New storage switches could alter SANs

SUNNYVALE, Calif. - Vendors are rolling out a new breed of director-level switches that could get companies rethinking their storage-area-network (SAN) setups.

The multiprotocol devices will combine muscle and brains, zipping data across servers and arrays like typical storage switches but also supporting sophisticated applications for virtualizing and replicating data. They'll also see to it that quality-of-service (QoS) levels are met.

Device makers say they are better suited to run storage management applications than less-powerful servers or arrays, which is where companies typically run such applications. Switch proponents say the boxes have more power than servers, are not wedded to specific arrays, and sit in the middle of the data path.

Many of the products are from young companies, including:

  • Sanera Systems Inc., which in April will preview its 256-port DS10000 Datacenter-Class Director at Storage Networking World in Phoenix.

  • MaXXan Systems, which recently announced the MXV320 switch, a box that features a separate application card to house third-party applications.

  • Maranti Networks, which was named one of Network World's 10 Start-ups to Watch last year and plans to launch an intelligent storage switch this summer.

  • Stealth-mode vendor Sandial Systems, which sources say is working on a second-quarter release of a high-end multiprotocol switch that will offer complete isolation of applications to ensure QoS.

Products also are on the way from established vendors such as Brocade Communications. Brocade earlier this month announced that seven companies will port applications to run on a 16-port switch the company developed, which is set to roll out by year-end. Cisco Systems Inc. Hewlett-Packard Co, and Sun Microsystems Inc. also have announced plans to enter the market.

Mark Moroses, senior director of technical services and security officer at Maimonides Medical Center in New York City, uses a DataCore server-based appliance to virtualize the storage from a mainframe server, five Unix servers, and 135 Windows and NetWare servers. He's evaluating Cisco's MDS 9216 Multilayer Fabric Switch to handle another application that replicates 6 to 8 terabytes of storage data between SANs located 10 blocks from each other.

"I'm not looking to replace the DataCore management capability, but to have the Cisco [box] do the SAN-to-SAN replication," he says. "Cisco hardware at [the switch level] lets me move large volumes of data efficiently and avoid choke points in my data flow."

Analysts anticipate it will take a while for most users to learn the best way to exploit the new switch capabilities.

"The litmus test will be to improve storage-network and array management without replicating what customers already accomplish through other products," says Jamie Gruener, senior analyst for The Yankee Group.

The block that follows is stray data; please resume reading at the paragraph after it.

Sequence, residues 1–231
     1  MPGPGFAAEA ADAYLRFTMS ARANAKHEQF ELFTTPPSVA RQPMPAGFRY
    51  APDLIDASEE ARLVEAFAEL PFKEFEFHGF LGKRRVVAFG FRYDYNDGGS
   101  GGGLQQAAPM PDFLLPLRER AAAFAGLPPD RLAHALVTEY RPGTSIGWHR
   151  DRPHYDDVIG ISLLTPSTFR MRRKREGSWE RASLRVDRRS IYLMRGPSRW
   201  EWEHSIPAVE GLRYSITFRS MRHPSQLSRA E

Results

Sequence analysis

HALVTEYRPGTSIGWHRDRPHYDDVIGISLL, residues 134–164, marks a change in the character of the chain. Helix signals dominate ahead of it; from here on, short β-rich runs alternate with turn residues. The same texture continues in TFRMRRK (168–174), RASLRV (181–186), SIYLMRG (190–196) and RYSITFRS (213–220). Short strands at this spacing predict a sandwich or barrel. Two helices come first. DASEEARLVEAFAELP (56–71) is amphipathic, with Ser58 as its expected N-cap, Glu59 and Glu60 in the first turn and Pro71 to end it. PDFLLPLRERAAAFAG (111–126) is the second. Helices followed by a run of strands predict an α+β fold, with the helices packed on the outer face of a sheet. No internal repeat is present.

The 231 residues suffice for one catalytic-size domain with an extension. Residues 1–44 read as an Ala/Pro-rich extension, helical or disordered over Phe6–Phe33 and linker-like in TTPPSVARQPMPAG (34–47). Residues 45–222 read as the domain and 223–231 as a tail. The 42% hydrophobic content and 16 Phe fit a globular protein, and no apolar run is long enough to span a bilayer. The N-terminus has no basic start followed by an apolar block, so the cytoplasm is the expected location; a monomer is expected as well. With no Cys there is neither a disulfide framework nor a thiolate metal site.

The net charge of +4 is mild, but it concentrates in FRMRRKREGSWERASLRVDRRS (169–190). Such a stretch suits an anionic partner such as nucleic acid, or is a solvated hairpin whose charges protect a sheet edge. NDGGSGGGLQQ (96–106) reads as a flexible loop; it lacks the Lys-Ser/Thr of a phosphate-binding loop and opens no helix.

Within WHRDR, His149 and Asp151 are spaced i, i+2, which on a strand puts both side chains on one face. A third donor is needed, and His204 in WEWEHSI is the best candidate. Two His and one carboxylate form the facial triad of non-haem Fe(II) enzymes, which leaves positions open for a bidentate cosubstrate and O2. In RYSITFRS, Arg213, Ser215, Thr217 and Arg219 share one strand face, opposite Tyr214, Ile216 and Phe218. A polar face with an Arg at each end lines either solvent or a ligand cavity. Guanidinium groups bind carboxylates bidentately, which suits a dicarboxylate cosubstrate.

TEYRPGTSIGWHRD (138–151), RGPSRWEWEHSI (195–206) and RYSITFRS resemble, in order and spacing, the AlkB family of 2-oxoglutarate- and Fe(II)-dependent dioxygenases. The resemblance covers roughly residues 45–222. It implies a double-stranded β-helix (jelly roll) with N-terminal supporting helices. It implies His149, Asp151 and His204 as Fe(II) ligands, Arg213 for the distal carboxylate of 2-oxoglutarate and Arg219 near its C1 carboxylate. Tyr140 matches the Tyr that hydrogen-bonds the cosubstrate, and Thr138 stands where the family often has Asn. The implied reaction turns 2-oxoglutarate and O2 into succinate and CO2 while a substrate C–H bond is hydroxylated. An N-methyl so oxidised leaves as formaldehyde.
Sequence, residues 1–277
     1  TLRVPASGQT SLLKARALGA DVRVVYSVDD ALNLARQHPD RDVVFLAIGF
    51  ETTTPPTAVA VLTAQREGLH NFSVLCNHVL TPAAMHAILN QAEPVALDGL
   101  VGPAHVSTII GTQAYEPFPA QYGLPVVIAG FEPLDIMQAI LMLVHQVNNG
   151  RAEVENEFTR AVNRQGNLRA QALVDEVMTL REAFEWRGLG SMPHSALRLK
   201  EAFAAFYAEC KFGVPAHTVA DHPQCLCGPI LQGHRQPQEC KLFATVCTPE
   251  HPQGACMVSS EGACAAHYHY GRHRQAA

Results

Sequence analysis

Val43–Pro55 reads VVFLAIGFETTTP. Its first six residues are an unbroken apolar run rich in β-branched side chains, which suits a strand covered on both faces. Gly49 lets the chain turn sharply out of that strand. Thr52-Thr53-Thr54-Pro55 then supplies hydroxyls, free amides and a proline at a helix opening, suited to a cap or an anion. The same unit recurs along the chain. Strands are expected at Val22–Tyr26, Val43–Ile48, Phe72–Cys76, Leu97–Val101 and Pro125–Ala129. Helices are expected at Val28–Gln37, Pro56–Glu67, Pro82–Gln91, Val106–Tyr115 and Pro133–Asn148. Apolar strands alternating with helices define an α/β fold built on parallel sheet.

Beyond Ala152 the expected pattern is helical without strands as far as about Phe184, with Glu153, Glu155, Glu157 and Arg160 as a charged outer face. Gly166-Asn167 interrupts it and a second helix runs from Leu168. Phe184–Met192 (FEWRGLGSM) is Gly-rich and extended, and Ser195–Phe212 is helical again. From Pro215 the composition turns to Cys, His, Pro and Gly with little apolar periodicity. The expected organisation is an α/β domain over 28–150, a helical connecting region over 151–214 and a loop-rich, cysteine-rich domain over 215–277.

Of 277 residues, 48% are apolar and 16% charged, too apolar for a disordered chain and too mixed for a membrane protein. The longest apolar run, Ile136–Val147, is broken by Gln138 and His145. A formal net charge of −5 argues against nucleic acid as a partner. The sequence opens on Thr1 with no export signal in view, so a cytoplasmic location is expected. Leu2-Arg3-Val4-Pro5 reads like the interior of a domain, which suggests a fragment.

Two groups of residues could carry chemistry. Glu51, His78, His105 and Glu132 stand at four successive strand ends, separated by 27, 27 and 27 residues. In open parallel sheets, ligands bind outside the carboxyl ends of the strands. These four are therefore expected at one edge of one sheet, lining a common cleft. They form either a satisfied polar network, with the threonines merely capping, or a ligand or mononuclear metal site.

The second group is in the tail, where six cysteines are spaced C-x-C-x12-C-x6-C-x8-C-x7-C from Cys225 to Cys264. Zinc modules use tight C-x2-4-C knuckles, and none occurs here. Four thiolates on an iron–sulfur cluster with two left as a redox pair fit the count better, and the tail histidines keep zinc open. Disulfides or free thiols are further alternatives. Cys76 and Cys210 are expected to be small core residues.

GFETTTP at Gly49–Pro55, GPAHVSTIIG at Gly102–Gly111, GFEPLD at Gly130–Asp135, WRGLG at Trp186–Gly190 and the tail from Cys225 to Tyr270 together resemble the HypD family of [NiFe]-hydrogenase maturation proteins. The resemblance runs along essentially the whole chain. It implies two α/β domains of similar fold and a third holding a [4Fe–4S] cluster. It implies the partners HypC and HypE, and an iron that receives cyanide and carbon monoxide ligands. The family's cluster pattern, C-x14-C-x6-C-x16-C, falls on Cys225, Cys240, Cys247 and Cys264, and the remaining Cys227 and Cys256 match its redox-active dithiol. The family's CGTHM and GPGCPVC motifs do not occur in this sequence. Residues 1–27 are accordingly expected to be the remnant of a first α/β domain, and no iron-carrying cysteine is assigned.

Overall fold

Product particulars

Sanera's DS10000 consists of 256 nonblocking Fibre Channel ports in a single chassis, which can be partitioned into four isolated switches for QoS purposes. Eight 32-port line cards, each supporting 10G bit/sec Ethernet, iSCSI, Fibre Connection and 1G or 2G bit/sec Fibre Channel, fit in the chassis. Individual port paddles plug into the ASICs on the front of the line cards, enabling the required speeds.

Sanera, backed by $65 million in venture funding and started by ex-Sun and Silicon Graphics employees, says its box could be used to replace smaller switches dedicated to individual SANs but keep the data on those SANs separate.

"The partitioning is a step beyond Cisco's [virtual SAN]," says Nancy Marrone, an analyst with Enterprise Storage Group. "They are truly doing hard partitioning, so a customer could split the switch into autonomous regions, while still letting individual user groups have their own level of management for their SAN."

MaXXan's MXV320 is a 320-port nonblocking switch with Fibre Channel, Fibre Channel over IP and Gigabit Ethernet technology. The chassis contains two types of line cards: one that has 10 ports of either Gigabit Ethernet or 1G bit/sec Fibre Channel and one that has five ports that can be configured as 2G bit/sec Fibre Channel or Gigabit Ethernet.

The MXV320's separate application card, or brain blade, will support third-party programs such as Veritas' data replication, third-party copy and upcoming virtualization software.

Few details are public about Sandial's product, other than that it has fewer ports per line card than Sanera's DS10000 and that the company is focused on QoS support. Sources say Sandial's switch has two ports per line card vs. Sanera's 32, letting customers more finely tune QoS and availability.

"Users don't have to take eight or 16 ports offline to replace a card and they get true QoS," says Steve Duplessie, senior analyst with Enterprise Storage Group.

Even less information has been divulged about Maranti's multiprotocol director-level switch, which has Fibre Channel, iSCSI and Gigabit Ethernet capability and runs virtualization software of Maranti's own design. Maranti officials say the box will have ports numbering in the hundreds and will assign applications to groups of ports and maintain service-level agreements between them.

This story, "New storage switches could alter SANs" was originally published by Network World.

Copyright © 2003 IDG Communications, Inc.

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